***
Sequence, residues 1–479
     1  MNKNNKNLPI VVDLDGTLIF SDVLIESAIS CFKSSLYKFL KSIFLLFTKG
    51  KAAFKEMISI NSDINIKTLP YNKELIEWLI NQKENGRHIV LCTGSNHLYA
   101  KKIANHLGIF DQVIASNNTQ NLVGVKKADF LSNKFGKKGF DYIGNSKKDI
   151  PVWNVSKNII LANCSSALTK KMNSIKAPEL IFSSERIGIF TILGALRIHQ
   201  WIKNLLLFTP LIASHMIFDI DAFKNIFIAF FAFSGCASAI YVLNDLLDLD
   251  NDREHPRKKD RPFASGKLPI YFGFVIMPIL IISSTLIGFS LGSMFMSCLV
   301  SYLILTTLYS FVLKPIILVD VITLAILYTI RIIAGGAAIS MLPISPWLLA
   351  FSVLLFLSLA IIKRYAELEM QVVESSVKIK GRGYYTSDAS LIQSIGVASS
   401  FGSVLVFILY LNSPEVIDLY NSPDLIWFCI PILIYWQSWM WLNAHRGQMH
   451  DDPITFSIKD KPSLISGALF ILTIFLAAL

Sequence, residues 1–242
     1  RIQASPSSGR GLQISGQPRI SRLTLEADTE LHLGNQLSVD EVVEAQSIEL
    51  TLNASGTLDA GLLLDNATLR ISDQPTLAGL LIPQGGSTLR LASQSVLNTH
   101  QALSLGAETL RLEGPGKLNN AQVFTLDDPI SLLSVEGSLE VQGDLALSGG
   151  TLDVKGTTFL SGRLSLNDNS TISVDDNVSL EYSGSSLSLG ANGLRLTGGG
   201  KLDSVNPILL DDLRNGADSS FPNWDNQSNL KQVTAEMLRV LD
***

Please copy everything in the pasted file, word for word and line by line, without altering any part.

Sequence, residues 1–479
     1  MNKNNKNLPI VVDLDGTLIF SDVLIESAIS CFKSSLYKFL KSIFLLFTKG
    51  KAAFKEMISI NSDINIKTLP YNKELIEWLI NQKENGRHIV LCTGSNHLYA
   101  KKIANHLGIF DQVIASNNTQ NLVGVKKADF LSNKFGKKGF DYIGNSKKDI
   151  PVWNVSKNII LANCSSALTK KMNSIKAPEL IFSSERIGIF TILGALRIHQ
   201  WIKNLLLFTP LIASHMIFDI DAFKNIFIAF FAFSGCASAI YVLNDLLDLD
   251  NDREHPRKKD RPFASGKLPI YFGFVIMPIL IISSTLIGFS LGSMFMSCLV
   301  SYLILTTLYS FVLKPIILVD VITLAILYTI RIIAGGAAIS MLPISPWLLA
   351  FSVLLFLSLA IIKRYAELEM QVVESSVKIK GRGYYTSDAS LIQSIGVASS
   401  FGSVLVFILY LNSPEVIDLY NSPDLIWFCI PILIYWQSWM WLNAHRGQMH
   451  DDPITFSIKD KPSLISGALF ILTIFLAAL

Sequence, residues 1–242
     1  RIQASPSSGR GLQISGQPRI SRLTLEADTE LHLGNQLSVD EVVEAQSIEL
    51  TLNASGTLDA GLLLDNATLR ISDQPTLAGL LIPQGGSTLR LASQSVLNTH
   101  QALSLGAETL RLEGPGKLNN AQVFTLDDPI SLLSVEGSLE VQGDLALSGG
   151  TLDVKGTTFL SGRLSLNDNS TISVDDNVSL EYSGSSLSLG ANGLRLTGGG
   201  KLDSVNPILL DDLRNGADSS FPNWDNQSNL KQVTAEMLRV LD